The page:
Looking back at the balance of beauty and evil that imbues the Afghan Whigs’ greatest album
Twenty-or-so years ago, a friend of mine had the idea that you could determine which stage of a bad break-up someone was in by which Afghan Whigs album they bumping.
If the person was playing Congregation then they must be freshly wounded and inconsolably angry (see “Conjure Me”). If Gentlemen was the soundtrack that meant they were seething with self-recrimination. If Black Love was on the stereo, they were broken down but ready to be built back up again. If they were just listening to 1965, they were through it and doing all right.
The Afghan Whigs’ back catalog can be a precarious place to return to for this reason. The feelings that the songs of their mid-’90s heyday spoke to when you needed them the most are often not the kind of feelings that you want to voluntarily visit again. Gentlemen and Black Love burrowed into minds racked with romantic angst and made extreme passions relatable and hummable. Sometimes weaning off of them was complicated, the dynamic not a far cry from a crucial line in Gentlemen’s “When We Two Parted”: “If I inflict the pain/Then baby only I can comfort you.”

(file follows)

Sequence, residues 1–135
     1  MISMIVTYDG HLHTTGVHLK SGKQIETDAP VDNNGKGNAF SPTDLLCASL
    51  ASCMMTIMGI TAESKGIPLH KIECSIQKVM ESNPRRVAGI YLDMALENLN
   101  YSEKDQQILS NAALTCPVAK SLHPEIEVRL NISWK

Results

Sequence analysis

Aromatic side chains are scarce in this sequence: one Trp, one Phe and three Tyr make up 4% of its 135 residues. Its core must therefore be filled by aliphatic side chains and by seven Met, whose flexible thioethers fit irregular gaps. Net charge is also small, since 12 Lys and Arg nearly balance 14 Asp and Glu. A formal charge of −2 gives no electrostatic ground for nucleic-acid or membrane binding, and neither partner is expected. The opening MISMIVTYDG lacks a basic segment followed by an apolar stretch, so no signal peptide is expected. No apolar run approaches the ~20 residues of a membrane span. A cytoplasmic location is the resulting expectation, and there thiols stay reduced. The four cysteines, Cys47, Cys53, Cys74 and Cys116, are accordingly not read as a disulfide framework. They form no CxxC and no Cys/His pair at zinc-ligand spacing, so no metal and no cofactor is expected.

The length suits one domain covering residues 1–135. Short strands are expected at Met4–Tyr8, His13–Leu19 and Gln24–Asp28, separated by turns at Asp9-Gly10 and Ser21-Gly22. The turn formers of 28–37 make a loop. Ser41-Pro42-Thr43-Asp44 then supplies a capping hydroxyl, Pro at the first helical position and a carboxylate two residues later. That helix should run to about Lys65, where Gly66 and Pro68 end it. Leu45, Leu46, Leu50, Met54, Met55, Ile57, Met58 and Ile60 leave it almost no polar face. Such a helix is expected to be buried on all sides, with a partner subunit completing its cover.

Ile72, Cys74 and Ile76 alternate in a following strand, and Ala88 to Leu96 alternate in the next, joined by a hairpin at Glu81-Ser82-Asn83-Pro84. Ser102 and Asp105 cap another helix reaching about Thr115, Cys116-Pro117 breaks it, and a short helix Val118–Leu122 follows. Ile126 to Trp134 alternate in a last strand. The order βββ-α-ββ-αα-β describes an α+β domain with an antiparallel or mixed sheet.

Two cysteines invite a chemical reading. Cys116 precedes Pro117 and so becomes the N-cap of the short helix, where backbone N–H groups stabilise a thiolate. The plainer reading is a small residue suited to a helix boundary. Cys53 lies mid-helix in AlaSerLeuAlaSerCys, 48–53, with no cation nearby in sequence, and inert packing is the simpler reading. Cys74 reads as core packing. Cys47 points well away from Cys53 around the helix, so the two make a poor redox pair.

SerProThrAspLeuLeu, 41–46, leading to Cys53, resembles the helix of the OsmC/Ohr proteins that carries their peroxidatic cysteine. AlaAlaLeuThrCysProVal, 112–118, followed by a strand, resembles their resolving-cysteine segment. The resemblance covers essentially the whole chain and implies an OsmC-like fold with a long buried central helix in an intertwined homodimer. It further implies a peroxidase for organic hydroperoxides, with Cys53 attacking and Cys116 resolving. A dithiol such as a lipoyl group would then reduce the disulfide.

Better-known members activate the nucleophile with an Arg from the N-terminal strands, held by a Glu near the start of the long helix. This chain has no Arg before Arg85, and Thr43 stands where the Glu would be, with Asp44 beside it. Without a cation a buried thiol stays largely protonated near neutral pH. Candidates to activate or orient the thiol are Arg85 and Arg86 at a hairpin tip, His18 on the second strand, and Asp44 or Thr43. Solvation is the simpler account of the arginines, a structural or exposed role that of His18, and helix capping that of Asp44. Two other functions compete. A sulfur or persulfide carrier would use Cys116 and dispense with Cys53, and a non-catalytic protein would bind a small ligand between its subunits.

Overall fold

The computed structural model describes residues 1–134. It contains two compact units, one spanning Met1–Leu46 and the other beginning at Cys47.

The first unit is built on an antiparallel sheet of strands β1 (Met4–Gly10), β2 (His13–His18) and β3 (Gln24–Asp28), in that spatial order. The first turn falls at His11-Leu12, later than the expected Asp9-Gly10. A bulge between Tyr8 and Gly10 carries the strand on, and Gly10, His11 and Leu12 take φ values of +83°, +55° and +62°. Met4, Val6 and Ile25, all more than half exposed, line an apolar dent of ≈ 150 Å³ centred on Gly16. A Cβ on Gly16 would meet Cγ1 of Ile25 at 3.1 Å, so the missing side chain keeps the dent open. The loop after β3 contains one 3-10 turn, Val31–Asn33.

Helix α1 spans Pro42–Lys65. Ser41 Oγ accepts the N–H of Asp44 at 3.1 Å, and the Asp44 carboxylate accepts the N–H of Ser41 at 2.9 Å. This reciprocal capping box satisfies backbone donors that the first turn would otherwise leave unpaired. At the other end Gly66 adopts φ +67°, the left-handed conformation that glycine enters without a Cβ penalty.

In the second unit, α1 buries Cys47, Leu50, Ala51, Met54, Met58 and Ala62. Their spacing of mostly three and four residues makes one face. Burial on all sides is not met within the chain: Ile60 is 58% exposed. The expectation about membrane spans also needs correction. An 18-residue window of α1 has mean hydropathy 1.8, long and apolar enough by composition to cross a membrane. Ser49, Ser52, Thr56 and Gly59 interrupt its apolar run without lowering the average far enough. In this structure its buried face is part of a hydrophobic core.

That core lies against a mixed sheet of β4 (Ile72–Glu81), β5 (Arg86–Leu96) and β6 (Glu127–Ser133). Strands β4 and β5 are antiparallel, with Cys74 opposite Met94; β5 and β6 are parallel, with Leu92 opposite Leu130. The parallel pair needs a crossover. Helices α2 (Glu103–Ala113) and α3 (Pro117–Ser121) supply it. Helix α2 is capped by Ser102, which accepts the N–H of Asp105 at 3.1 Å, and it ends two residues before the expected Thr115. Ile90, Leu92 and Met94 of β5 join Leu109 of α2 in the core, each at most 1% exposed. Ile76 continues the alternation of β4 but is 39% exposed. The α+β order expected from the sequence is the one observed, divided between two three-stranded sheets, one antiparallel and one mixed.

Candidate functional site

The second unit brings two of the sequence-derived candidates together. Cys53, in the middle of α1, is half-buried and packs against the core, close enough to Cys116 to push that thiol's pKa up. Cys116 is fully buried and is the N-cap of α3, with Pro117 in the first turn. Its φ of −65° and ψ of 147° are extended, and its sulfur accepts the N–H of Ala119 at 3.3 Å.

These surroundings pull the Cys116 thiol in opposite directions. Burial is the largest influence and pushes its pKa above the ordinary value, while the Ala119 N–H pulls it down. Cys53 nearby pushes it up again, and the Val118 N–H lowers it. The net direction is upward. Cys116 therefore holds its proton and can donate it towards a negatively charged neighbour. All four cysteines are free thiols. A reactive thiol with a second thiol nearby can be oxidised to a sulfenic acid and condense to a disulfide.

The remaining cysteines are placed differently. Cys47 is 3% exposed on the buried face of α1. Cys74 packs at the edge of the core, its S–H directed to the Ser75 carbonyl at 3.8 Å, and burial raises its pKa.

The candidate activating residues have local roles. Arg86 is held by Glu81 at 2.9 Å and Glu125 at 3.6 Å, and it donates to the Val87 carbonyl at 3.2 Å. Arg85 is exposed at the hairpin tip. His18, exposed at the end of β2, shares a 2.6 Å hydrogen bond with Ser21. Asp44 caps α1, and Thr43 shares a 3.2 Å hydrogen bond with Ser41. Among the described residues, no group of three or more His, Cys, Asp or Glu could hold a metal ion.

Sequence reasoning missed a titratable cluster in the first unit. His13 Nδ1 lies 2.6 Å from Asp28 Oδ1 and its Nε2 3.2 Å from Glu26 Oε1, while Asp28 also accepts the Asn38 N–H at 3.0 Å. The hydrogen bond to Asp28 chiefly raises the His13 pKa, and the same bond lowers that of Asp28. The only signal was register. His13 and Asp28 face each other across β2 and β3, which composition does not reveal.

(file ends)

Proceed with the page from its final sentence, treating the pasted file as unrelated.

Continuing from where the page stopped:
Then came 1965. So why did the Afghan Whigs significantly lighten up after Black Love? Was it because their 1996 opus had dug deep and finally expunged all of the demons of guilt and ghosts of dead relationships? “Why is this record less bleak lyrically?” Rolling Stone asked frontman Greg Dulli about 1965 at the end of 1998. “Because I was treated for clinical depression last year,” Dulli said, going on to explain how he now needed to leave behind certain songs like “My Enemy” and “Be Sweet.” “The emotions those songs conjure up aren’t worth my mental well-being.”
Dulli’s answer was straightforward and believable, but what did it say about all the dependent fans out there? These records were more than fuel for psychogenic fire. The late great British music journalist Dele Fadele offered this clairvoyant insight in a live review of the band back in 1993: “The only obstacle facing Afghan Whigs is that they’re sometimes over-wrought and sometimes press the over-emotional lever. Life isn’t so bleak that anyone should reach the depths of misery ploughed in ‘When We Two Are Parted’ [sic] and still be travelling the world in a rock band, but then, modern medicine can work miracles.”